Global trade and culture
Recent economic challenges remind us that the future economic success of countries revolves around succeeding in the global economy. It is about how an organisation is empowered to leverage the power of culture to optimise competitive edge. Cultural differences have repeatedly been identified as the most significant impediment to successful international ventures.
In global business, one can expect to confront different cultural environments characterised by unfamiliar languages and unique value systems, beliefs, and behaviours. Entrepreneurs can encounter customers and business partners who display differing lifestyles, norms, and consumption behaviors. These differences influence all dimensions of international business. Multiple risks arise routinely in international business because of the diverse cultural heritage of the participants. As mentioned previously culture refers to the learned, shared, and enduring orientation patterns in a society. People demonstrate their culture through values, ideas, attitudes, behaviours, and symbols.
In the past few decades, readily available information, rapid advancement in technology, labour cost factors, trade agreements, standardization, sophisticated distribution methods and channels along with other managerial and operational innovations has given way to a wave of globalization. As a result, many large- and medium-sized organisations have gone global through organic and inorganic expansion. However, there are indeed many hurdles, such as differences in culture which have impeded the free flow of cross border trade. The most common barrier is that of communication. Different languages automatically create challenging situations for international companies.
Whilst communication is the most common barrier, it is not the only one, the basis of cultures developed need to be understood in order to strike the right balance between what is culturally accepted and what is beneficial for an organisation. In this respect, individuals and corporates should realise that an understanding of different cultures in order to perform is an imperative that they cannot afford to ignore.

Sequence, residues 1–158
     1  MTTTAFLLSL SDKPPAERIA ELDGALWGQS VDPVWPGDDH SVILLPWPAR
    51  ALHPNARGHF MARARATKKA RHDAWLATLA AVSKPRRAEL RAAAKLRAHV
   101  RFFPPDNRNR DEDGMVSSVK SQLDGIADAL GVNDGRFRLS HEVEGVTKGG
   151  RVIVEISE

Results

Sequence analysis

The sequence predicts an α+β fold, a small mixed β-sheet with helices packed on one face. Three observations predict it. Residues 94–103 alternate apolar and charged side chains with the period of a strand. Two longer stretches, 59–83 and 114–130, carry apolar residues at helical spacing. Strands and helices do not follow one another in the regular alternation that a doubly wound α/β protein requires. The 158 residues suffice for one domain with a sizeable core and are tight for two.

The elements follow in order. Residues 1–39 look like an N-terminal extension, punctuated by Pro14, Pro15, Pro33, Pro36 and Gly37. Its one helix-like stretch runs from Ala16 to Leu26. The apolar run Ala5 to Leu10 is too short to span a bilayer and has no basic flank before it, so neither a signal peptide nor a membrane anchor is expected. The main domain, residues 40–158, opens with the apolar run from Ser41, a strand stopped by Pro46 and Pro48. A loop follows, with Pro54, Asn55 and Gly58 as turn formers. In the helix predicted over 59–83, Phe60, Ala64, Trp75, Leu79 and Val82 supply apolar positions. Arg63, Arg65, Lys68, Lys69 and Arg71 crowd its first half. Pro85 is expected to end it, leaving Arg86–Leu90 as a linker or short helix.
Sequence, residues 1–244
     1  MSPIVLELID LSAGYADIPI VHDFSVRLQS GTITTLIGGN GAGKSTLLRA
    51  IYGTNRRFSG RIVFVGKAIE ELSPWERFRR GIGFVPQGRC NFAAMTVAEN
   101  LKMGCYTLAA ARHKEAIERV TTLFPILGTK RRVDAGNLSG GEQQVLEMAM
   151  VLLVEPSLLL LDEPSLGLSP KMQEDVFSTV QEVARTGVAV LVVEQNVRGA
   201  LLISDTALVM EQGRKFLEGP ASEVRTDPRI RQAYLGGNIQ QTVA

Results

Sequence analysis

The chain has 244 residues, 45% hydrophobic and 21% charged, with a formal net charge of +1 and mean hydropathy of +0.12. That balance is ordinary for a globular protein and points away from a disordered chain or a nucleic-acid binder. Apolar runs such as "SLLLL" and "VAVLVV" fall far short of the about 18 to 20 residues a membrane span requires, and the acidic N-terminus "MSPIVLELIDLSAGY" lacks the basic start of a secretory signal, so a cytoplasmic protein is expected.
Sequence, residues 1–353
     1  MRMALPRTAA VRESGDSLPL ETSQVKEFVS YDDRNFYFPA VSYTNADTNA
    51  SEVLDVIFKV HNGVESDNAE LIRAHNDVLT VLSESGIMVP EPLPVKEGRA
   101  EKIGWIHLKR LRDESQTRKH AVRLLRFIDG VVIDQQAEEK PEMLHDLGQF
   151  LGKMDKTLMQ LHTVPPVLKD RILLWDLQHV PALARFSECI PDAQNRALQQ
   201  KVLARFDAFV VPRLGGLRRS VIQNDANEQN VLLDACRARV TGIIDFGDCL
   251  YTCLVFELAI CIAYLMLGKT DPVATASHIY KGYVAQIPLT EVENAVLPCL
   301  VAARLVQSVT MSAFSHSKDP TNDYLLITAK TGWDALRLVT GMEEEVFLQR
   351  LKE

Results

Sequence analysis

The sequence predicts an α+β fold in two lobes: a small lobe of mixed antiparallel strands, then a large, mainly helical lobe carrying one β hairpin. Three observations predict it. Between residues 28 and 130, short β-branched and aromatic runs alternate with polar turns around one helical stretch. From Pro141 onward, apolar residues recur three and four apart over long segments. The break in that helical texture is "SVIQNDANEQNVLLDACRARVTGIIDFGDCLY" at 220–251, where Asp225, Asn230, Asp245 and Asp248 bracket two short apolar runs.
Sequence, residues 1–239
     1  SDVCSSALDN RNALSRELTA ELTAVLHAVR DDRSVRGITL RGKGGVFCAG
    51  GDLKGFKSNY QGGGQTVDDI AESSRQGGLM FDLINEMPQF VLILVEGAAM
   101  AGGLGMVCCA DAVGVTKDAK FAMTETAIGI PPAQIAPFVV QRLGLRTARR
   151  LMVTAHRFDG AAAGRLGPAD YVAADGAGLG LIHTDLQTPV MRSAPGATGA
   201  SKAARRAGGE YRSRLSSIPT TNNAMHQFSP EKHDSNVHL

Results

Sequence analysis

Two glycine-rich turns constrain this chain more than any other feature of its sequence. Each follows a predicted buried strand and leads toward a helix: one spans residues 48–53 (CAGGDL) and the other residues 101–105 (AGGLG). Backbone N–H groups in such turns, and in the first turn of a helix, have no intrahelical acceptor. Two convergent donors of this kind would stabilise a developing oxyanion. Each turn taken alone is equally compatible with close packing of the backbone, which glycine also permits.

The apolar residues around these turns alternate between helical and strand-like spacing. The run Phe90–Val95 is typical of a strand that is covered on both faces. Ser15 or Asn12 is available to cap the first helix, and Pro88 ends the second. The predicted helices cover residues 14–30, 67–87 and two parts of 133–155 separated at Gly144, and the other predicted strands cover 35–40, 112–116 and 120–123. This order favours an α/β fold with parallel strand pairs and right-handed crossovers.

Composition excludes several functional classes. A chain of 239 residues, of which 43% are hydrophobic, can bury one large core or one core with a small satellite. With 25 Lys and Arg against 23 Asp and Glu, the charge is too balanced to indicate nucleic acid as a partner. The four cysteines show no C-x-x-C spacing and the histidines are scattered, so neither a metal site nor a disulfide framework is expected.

Generally, the importance of cultural understanding in successful international companies is reflected from their marketing strategies which are grounded in the cultures of the target industries. Alternatively, a company with weak understanding of the target company’s local culture can commit disastrous mistakes in developing the marketing strategy through designing advertisements which offend people because of culturally unacceptable content.
Finally, this presentation returns whence it commenced – the importance of culture in international business. The process of globalisation has accentuated the need to break down barriers which inhibit trade. The issue of culture is now more than ever an obligation which individuals or organisations involved in global trade ignore at their own peril. If an organisation does not align itself with the prevailing culture then it cannot reap the full benefits of cross border trade. As Kofi Annan said, "Tolerance, intercultural dialogue and respect for diversity are more essential than ever in a world where peoples are becoming more and more closely interconnected."
Individual entrepreneurs and corporate organisations who do not understand the importance of culture have a high probability of failure in the case of operating in other international contexts. Equally, it is imperative for business schools to underscore the importance of culture in cross border trade in their core curriculum.
The authors are from Regent Business School.